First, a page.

Well, for those of you who don’t know what Hot Rod Bunny is all about, it is about a girl making her splash in a man’s hobby. The first story takes place in 1964 when most young women thought about horses or husbands or college or whatever. Anything but cars!
The main character’s name is Beverly Moon and she has two close friends at the orphanage. Their names are Brunhilda and Cynthia. Beverly is very different from her friends though. She’s a genius with a photographic memory! I decided on those character traits because I wanted to break the stereotype of a good-looking blonde being considered dumb. She’s not a dumb-bunny but a smart one with a good heart. She is also what I call a “true innocent”. She doesn’t have a condescending “tone” to her voice or a sarcastic meaning in her words. She says exactly what she thinks and most of the time it is something good and wholesome. She never expects someone to lie to her. She thinks they made an honest mistake and she is willing to gently correct them in front of everyone! Much to their embarrassment!
When she looks at herself in the mirror she doesn’t see a beautiful blonde bunny. She sees what she would term, a “mal-proportioned” and “goofy-looking girl” with over-sized ears. She is convinced her friend Brunhilda, is the ideal for beauty in the bunny-girl world. Brunhilda is very attractive but basically average in body type. She’s built nice and slender and is certainly not invisible to boys!
While Beverly is a genius, she is also socially naïve. Those two opposite characteristics in her personality provide the foundation for some funny situations. She has no clue how to approach boys or talk to them. Most of the time she’s not interested because she is certain they’re a bit touched in the head. And the poor girl can’t make head or tail out of their compliments! She takes everything literally.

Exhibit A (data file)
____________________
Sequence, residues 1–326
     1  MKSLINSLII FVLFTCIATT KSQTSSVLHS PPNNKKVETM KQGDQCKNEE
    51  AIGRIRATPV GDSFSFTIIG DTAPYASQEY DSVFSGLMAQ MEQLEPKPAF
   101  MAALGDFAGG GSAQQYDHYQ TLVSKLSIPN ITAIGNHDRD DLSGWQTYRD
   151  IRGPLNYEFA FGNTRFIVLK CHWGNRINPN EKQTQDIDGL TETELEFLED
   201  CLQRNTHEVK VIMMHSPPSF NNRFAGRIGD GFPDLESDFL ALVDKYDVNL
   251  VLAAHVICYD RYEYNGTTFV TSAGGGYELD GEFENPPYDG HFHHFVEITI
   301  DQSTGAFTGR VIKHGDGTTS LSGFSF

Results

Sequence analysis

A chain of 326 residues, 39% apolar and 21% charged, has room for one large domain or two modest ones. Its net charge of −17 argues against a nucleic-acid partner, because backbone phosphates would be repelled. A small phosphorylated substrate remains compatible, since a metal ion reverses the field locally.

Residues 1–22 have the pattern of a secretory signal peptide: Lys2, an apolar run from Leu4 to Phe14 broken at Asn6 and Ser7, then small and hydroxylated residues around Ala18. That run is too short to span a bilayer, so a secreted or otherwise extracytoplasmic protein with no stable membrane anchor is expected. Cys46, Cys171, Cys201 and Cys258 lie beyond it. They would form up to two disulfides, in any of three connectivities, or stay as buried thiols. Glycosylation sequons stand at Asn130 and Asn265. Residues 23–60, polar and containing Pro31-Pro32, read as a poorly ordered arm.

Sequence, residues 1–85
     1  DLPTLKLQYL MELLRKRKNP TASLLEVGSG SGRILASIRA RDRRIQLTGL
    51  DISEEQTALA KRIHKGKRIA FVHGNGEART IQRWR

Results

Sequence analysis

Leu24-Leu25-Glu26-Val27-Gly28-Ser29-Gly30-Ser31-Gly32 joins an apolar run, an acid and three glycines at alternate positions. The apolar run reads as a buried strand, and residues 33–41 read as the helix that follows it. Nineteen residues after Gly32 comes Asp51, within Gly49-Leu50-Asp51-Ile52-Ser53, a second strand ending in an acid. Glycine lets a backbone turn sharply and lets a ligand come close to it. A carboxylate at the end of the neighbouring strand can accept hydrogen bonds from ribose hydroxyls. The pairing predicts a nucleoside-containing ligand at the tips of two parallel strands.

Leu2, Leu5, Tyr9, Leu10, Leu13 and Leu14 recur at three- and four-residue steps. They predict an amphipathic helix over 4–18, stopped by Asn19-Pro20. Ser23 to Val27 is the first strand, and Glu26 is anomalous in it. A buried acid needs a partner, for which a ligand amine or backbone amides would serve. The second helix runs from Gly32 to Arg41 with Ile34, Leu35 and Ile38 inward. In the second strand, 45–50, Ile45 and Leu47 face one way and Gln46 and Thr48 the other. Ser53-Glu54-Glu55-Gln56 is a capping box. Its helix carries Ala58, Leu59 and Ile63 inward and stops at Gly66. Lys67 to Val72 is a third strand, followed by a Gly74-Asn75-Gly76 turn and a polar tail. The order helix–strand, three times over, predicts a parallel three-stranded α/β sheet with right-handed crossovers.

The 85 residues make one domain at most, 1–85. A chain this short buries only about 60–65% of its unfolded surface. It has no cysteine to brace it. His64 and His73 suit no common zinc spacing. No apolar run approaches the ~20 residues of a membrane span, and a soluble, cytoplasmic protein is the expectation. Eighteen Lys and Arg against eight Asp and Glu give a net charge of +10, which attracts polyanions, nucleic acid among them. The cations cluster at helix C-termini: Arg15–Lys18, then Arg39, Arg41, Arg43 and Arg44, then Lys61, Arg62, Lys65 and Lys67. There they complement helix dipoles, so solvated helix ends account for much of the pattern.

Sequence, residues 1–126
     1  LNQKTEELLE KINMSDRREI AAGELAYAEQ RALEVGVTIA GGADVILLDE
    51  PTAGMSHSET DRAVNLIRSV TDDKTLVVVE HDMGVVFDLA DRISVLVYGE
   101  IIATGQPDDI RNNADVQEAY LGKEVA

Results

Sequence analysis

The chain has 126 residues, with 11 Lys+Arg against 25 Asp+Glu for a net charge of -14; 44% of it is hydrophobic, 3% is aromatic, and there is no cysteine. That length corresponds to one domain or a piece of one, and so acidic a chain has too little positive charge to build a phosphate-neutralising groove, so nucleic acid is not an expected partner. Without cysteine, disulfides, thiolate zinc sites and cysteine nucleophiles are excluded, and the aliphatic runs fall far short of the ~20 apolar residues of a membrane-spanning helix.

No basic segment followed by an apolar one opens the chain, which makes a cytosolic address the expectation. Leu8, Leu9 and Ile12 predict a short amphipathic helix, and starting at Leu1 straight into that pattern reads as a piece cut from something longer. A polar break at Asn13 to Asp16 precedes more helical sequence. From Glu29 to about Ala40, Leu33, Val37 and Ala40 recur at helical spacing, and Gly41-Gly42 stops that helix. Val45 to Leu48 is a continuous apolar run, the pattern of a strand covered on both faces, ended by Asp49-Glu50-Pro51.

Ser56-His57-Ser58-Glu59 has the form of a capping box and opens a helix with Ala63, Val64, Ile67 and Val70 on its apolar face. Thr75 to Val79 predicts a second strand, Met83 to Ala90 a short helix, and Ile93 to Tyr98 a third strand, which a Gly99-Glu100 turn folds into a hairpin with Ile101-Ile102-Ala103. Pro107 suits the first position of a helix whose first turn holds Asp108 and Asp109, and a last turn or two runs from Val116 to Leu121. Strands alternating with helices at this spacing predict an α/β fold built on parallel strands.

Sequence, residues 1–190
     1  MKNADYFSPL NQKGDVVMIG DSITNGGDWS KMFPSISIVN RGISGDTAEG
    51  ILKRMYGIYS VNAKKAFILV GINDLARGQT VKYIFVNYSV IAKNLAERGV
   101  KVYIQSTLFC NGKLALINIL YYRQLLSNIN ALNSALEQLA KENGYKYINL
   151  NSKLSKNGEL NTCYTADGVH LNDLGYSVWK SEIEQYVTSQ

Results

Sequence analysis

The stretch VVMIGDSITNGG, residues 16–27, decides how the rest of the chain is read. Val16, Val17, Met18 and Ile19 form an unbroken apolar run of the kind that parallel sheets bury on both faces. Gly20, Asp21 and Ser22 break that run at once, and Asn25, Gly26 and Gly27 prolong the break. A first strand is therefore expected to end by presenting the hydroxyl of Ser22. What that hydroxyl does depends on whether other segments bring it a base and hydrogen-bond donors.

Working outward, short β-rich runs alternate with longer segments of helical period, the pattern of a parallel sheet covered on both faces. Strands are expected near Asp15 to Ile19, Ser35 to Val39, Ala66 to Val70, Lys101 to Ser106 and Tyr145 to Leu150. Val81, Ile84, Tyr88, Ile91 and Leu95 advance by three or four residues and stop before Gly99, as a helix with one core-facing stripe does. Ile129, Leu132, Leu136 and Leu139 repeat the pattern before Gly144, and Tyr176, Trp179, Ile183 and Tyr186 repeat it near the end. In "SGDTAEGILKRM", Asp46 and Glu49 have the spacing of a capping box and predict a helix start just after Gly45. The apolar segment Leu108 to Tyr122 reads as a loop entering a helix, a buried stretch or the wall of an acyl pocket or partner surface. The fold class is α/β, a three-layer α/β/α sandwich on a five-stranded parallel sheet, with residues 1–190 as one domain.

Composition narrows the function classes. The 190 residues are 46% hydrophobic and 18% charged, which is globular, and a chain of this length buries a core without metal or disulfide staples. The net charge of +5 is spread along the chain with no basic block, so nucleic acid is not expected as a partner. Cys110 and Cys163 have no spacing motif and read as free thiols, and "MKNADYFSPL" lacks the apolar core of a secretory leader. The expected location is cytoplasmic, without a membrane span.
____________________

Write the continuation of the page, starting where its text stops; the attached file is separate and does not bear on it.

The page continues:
Since most boys and men act strange around her she thinks there was something wrong with them. But, the only thing wrong with them is the fact they are so taken by her beauty. Taken to the point of extreme distraction! They have a tough time forming sentences around her. They walk into benches and trip over things while gazing at her. In the bunny world, on a scale of one to ten…she’s an eleven! So, if you aren’t too distracted by her looks you may find her very entertaining and informative. The character knows a lot about automobiles and is happy to share it with an audience. Willing or not!
The whole book series deals with both her professional and personal lives. Here is how it was written; in book one, a heart of gold and a foot of lead, we start out in 1970 at a car show. The story “freeze frames” there while Beverly begins to tell her back-story. She briefly tells about her early her life as a small girl in an Indiana orphanage and growing up there. She answers the question on how she became a car nut! The bulk of the story takes place when she turns eighteen. She has to move out and be on her own so she gets a job at the local auto parts store. One thing leads to another and she is confronted with great opportunities to be around cars but unfortunately she has to be around boys too. She goes through some very rough times and the weird events actually lead her down the right path. At the end of the first book the story goes back to 1970 and the reader finds out who is married to whom and which of her friends is dating and which one is engaged. So the reader finds out how everything ends. In the rest of the books we find out how they got there. The strange circumstances surrounding the girl’s love lives and all the various cars Beverly bought and drove.
Being the Hot Rod Bunny series, there are car chases in every book. Some very harrowing! There are many road trips and opportunities for her and her friends to get into trouble! My intent was to have them entertaining to both hot rodders and romance novel enthusiasts. Not that these are great books in the romance department but they are humorous. And they are written so kids can read them without any worries for parents.
Who is the target audience for Hot Rod Bunny? Well, men and boys who love cars and girls who like a good romantic comedy!